Data Bias Is a People Problem

Learn how prejudice can influence the logic in data‑driven technology.

It’s easy to think that computer technology’s neutral logic would free it from the prejudices of humankind. However, in some ways, machine-learning programs and similar initiatives are more at risk of bias than people are, because of the way in which computers build simulated logical patterns.

Computer “thinking” is based on data mined from people. With the increasing value of machine learning technology, the data that feeds it is becoming more and more lucrative. In fact, some have begun to dub data the “new oil,” not only because it’s the fuel source for a major commodity, but also because both its mining and the aftereffects have far-reaching consequences.

How human bias influences data

Algorithms built to mimic the process of learning and conclusion-making do so by processing data gathered from human users. Massive amounts of data are processed to identify patterns, which algorithms can then use to do things like identify common preferences or even mimic human behaviors. These algorithms have a wide range of applications for companies, from lead generation based on targeted marketing to more sophisticated artificial intelligence operations.

Bias is a component of the human thought process, and data collected from humans therefore inherently reflects that bias. This makes it incredibly difficult to gather and adjust data so that it omits bias while retaining its accuracy—especially since the determination of what is a bias is often subjective.

Bias in data collection and data analysis

The source material is not the only means through which bias can enter data. Data collection and data analysis methods can also introduce it. There are many biases that can negatively impact the data, including:

  • Confirmation bias: Confirmation bias is an error that involves allowing a preconceived notion to impact how you prioritize or interpret information. An example of confirmation bias would be if you had a strong opinion that most people preferred vanilla ice cream over chocolate ice cream and, as a result, gave more weight to data that supported that conclusion.
  • Selection bias: Selection bias is an error that stems from using population samples that don’t accurately represent the entire target group. For example, data taken from one neighborhood would not accurately represent a large city. There are many reasons selection bias arises—some intentional, some not—including voluntary participation, limiting factors for participation, or insufficient sample size.
  • Poor interpretation of outliers: Outliers can significantly skew data. For example, when analyzing income in the United States, there are a few extremely wealthy individuals whose income can warp any calculation of averages. For this reason, a median value is often a more accurate representation of the larger population.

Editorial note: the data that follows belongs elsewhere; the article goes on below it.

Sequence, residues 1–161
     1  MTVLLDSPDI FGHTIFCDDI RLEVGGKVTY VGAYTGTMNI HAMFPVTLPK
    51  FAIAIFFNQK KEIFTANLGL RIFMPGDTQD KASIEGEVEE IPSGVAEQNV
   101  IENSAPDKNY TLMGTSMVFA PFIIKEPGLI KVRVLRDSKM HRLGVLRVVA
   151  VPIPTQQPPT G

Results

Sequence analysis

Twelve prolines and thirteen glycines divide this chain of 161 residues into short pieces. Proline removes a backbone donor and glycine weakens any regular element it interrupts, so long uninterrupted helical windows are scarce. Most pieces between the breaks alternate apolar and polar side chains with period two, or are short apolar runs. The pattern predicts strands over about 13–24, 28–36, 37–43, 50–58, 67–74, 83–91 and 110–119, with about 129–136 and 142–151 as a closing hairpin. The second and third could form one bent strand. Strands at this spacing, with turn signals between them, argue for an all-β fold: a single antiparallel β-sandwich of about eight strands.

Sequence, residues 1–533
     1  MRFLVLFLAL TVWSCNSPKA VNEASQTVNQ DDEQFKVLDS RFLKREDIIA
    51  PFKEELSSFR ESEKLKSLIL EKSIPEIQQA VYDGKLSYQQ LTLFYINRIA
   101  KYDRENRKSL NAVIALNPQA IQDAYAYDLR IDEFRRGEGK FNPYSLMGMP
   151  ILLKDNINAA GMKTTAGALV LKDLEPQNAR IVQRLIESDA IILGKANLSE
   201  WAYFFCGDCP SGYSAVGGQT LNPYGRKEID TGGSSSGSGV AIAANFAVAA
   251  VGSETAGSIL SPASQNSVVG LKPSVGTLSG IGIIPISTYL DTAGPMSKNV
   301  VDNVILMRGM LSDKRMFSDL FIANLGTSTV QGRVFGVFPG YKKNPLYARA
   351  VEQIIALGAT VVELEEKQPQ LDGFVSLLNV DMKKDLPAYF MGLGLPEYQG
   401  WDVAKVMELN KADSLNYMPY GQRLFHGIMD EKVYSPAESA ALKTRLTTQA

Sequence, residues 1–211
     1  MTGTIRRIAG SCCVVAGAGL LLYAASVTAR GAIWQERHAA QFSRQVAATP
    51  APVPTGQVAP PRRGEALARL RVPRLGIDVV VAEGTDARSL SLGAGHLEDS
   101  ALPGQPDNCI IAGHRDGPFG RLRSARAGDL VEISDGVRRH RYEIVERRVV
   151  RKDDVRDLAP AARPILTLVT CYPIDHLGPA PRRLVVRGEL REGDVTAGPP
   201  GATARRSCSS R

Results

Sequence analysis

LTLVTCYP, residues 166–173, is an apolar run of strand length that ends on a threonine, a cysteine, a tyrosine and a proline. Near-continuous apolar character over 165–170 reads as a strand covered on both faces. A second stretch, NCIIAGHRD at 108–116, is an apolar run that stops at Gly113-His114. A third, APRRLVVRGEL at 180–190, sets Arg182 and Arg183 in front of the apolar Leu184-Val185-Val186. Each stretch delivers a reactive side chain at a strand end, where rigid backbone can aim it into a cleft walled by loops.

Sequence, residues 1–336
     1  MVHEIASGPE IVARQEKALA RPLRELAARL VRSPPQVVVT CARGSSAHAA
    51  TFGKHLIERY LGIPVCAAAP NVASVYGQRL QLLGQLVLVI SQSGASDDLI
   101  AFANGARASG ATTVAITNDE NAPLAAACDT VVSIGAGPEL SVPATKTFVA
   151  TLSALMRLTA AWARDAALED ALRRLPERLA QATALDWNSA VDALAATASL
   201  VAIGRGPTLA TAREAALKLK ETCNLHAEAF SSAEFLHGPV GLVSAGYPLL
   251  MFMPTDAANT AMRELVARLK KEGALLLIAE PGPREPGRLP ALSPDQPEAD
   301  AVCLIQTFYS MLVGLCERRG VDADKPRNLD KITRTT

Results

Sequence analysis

Ethics in data collection

Ethical matters regarding the collection of data are increasingly being raised by the public, especially as it concerns consumer privacy. While consumer data is used by CRM systems and similar technology to improve customer experience, companies can also use, buy, or sell such data in ways that bump up against the edge of what’s legal or ethical, eroding consumer trust across the board.

In fact, there is such widespread concern that many laws and regulations have been enacted on the subject across the globe, such as the European Union’s General Data Protection Regulation (GDPR). Those who want to work ethically with mined consumer data may find it helpful to seek out businesses that are compliant with GDPR and/or similar codes.

Data bias in AI

The impact of biased data on applications such as artificial intelligence is not always theoretical, or even subtle. A famous example is Microsoft’s Tay. Tay was a chatbot released by Microsoft in 2016 that used AI technology to create and post to Twitter. Soon after going live, Tay began tweeting concerning content, much of it discriminatory in nature.

After deactivating Tay, the Microsoft team released a statement about the incident. This statement pointed to Twitter users intentionally spamming Tay’s conversational threads with inflammatory statements as the source of its behavior. Tay used those threads as a means of data mining to influence its output. Although this incident was at least partially caused by intentional sabotage from users, it illustrates how discrimination can take form in the data that is increasingly being put to work in our day-to-day lives.

The impact of biased data

Because data-driven technology is now so omnipresent, biased data can have a wide range of consequences, including complex social repercussions. If we are constantly feeding prejudices back into our cultural consciousness through the vehicle of data-driven technology, these prejudices may be subconsciously reinforced, creating a loop we can only break with concerted effort. The advantage that humans have over machine learning is that humans, at least in groups, have the capacity for cultural evolution, providing some level of checks and balances against prejudice.

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